A chest radiographic image taken 3 years earlier, which the patient brought with him, showed an enlarged cardiac silhouette, suggesting that a chronic process was causing his heart failure. HIV serology was positive. Echocardiogram showed severely dilated ventricles with moderately depressed left and right ventricular function and bilateral dilated atria. There was no evidence of pericardial effusion or pulmonary hypertension by estimation.
Dyspnea, is defined by the American Thoracic Society as a subjective experience of breathing discomfort. This experience comes from interactions among various physiological, psychological, and environmental factors.
Dsypnea is a symptom and it should not be confused with the increased work of breathing, which is a physical sign. In order to be reported as a symptom, a sensation should be perceived as unpleasant and felt as abnormal. Dyspnea is one of the most common complaints faced by a hospitalist.
What is the differential diagnosis for this problem? Generally speaking, causes of dyspnea can be divided into: Pulmonary such as bronchospasm, pneumonia, pneumothorax, airway obstruction, pleural effusion, interstitial lung disease Cardiovascular congestive heart failure, myocardial infarction, cardiac tamponade, pulmonary embolism, arrhythmias Miscellaneous anemia, deconditioning, drugs, pregnancy, diabetic ketoacidosis, neurological, fractures, psychiatric causes, and obesity.
Discussions of all of the these etiologies are beyond the scope of this chapter.
Here, we will focus on the pathologies which hospitalists come across every day. These include pneumonia, bronchospasm chronic obstructive pulmonary disease COPDasthmacongestive heart failure, and pulmonary embolism PE. The diagnostic approach is discussed in detail below.
History information important in the diagnosis of this problem. In addition to obtaining general history, physicians should focus on associated cough, sputum production, hemoptysis, chest pain, wheezing, orthopnea, palpitations, abnormal weight loss, and generalized, ie. Patients should also be asked about acuity, severity, and frequency of their dyspneic episodes.
When evaluating a patient with shortness of breath, it is always important to consider life-threatening conditions and to stay vigilant that a heart attack, a pulmonary embolism, acutely decompensated heart failure, acute severe hypoxemia of various reasons, could happen at any time, in a hospitalized patient.
During the initial interview, all patients should be asked about their smoking history, also including the underlying second hand exposure which is usually associated with a previous similar episode.
Asthma and COPD are the most common obstructive lung diseases. Patients suffering from these conditions usually mention wheezing or chest tightness as a presenting complaint.
For example, a patient with an acute bronchoconstrictive episode, may describe a sense of chest tightness, even when their lung function is preserved. Patients with COPD have strong smoking history.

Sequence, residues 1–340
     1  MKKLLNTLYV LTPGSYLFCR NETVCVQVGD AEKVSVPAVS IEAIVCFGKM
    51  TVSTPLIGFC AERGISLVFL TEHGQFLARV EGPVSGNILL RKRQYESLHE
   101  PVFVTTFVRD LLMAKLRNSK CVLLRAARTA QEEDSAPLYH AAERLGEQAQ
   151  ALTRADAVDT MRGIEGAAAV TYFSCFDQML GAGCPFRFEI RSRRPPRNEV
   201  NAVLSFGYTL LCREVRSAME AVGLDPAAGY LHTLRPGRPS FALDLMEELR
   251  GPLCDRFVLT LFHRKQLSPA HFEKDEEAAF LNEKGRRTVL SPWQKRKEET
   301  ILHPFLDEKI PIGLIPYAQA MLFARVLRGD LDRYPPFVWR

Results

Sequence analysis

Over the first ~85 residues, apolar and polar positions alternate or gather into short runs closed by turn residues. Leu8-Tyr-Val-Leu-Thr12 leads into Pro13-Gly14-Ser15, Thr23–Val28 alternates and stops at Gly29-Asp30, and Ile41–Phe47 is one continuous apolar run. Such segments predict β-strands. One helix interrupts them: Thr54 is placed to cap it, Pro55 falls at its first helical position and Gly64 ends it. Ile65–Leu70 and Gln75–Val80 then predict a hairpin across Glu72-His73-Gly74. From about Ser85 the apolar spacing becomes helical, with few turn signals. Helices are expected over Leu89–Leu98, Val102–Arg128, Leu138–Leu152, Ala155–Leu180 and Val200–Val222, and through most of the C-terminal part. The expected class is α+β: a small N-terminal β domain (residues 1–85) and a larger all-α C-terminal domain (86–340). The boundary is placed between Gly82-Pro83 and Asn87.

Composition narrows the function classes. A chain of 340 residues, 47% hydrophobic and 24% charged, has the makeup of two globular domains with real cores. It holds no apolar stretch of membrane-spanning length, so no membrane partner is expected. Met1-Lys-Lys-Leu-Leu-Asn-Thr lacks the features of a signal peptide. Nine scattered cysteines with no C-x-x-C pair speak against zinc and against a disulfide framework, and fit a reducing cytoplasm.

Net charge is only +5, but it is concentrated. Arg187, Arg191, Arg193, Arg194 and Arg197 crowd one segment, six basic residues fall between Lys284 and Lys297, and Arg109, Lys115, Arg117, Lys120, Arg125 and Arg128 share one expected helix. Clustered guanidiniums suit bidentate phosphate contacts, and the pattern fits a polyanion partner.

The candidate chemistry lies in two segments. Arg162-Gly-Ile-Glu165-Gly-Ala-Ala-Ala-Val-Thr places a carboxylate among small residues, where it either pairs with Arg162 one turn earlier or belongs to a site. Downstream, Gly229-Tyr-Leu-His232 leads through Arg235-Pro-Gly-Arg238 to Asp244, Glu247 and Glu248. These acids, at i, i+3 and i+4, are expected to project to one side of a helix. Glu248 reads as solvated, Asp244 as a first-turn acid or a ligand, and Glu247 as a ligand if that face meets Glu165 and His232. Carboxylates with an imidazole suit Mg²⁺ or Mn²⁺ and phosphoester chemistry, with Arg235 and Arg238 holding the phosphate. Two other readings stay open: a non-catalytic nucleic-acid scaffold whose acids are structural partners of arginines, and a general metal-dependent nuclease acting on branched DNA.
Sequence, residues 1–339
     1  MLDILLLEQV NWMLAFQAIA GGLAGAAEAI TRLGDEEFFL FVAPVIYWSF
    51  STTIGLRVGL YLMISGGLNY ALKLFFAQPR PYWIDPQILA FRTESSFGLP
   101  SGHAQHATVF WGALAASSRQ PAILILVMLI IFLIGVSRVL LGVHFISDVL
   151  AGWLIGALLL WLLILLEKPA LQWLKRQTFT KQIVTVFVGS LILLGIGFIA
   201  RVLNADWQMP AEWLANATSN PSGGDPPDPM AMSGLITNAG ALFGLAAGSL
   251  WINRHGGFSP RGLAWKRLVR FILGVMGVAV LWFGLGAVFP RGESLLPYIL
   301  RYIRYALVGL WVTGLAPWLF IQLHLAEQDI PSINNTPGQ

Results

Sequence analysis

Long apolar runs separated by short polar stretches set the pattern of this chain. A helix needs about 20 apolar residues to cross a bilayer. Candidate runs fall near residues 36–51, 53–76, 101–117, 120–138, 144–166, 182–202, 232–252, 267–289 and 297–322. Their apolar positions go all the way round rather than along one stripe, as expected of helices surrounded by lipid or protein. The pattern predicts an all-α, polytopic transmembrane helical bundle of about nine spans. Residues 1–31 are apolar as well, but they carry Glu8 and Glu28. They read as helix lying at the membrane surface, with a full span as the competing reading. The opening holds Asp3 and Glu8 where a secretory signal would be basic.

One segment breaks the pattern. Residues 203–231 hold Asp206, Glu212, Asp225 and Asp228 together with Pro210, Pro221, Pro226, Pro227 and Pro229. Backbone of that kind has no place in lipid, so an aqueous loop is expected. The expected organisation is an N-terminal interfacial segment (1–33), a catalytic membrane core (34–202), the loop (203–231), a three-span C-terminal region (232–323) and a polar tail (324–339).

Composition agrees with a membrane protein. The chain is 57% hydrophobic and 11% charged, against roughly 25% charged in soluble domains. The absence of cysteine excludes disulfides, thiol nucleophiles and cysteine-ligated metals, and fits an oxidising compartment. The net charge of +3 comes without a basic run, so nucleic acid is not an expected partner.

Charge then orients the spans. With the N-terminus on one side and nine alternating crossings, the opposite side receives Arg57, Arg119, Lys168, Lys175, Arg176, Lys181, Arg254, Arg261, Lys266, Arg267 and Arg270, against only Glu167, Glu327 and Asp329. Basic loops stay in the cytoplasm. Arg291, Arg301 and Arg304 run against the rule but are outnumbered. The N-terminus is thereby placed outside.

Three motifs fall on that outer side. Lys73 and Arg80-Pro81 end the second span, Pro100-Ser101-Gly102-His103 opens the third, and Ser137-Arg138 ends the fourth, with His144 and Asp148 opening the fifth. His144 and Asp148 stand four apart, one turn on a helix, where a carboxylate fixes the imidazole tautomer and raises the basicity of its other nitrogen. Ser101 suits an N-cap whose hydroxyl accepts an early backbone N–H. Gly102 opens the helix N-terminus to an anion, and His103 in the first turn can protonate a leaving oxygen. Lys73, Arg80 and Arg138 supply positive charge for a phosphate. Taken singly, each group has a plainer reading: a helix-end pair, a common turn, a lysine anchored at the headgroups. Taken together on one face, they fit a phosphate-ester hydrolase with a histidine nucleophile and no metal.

Any diseases of the chest wall, such as those which cause stiffness, such as kyphoscoliosis, or weakens the respiratory muscles, such as Guillain-Barre or myasthenia gravis, could also cause dyspnea.
Pleural effusions, whether as a stand alone diagnosis, or associated with other conditions, could also cause an increase in the work of breathing. Diseases of the lung parenchyma, such as pneumonia could also cause dyspnea. Diseases of the heart or pericardium could present with dyspnea.
Diastolic dysfunction, described as a stiff left ventricle, is also associated with severe dyspnea, even with minimal physical activity, especially if it associated with other valvulopathies, such as mitral regurgitation.
Constrictive pericarditis can present with an increased of the pulmonary and intracardiac pressures, followed by dyspnea. Cardiac tamponade has a similar mechanism. Venous thromboembolism, such as PE pulmonary embolism causes dyspnea.
Any other pulmonary disease, such as pulmonary hypertension, ILD interstitial lung diseasecould also be associated with increased work of breathing.
Myocardial infarction MI is usually associated with chest pain but silent MI described in elderly, women and diabetics is also a well-known cause of dyspnea. Patients usually have underlying risk factors of MI in such cases. Patients who suffer from anemia, could also present with anemia, especially during the high oxygen demand, such as physical activity.
Overweight patients can also become breathless. Hospitalized patients, with a prolonged length of stay, especially the elderly, may develop deconditioning, which could also manifest with breathlessness.Consumer Behaviour For Branded Clothing Essay Study On Diabetic With Exertional Dyspnea And Anasarca Essay, Ethics In The Modern Business World: A Case Study On Leisure Net Essay, Ethics In The Modern Business World: A Case Study On Leisure Net Essay African Psychology Essay, Toyota Industry Founder Is Sakichi Toyoda Essay.
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Explore. Sep 06, · A woman with multiple comorbidities, including heart failure, presents to the hospital with shortness of breath that has progressed to resting dyspnea. Case: A year-old obese woman with hypertension, diabetes, and scleroderma is referred for follow-up .
PHYSICAL DIAGNOSIS FINAL EXAM STUDY GUIDE. Download a copy of this study guide. Chapter 2: Head and Neck; Chapter 3: Respiratory EXERTIONAL DYSPNEA: Dyspnea on exertion is a common symptom of mild or severe Congestive Heart Failure. Anasarca: Severe generalized edema and ascites, as seen in severe CHF, liver .
Diabetic With Exertional Dyspnea and Anasarca: Case Study A fifty year old gentleman a known diabetic and hypertensive for eight years presented with exertional dyspnea of one month duration. Published: Thu, 04 Jan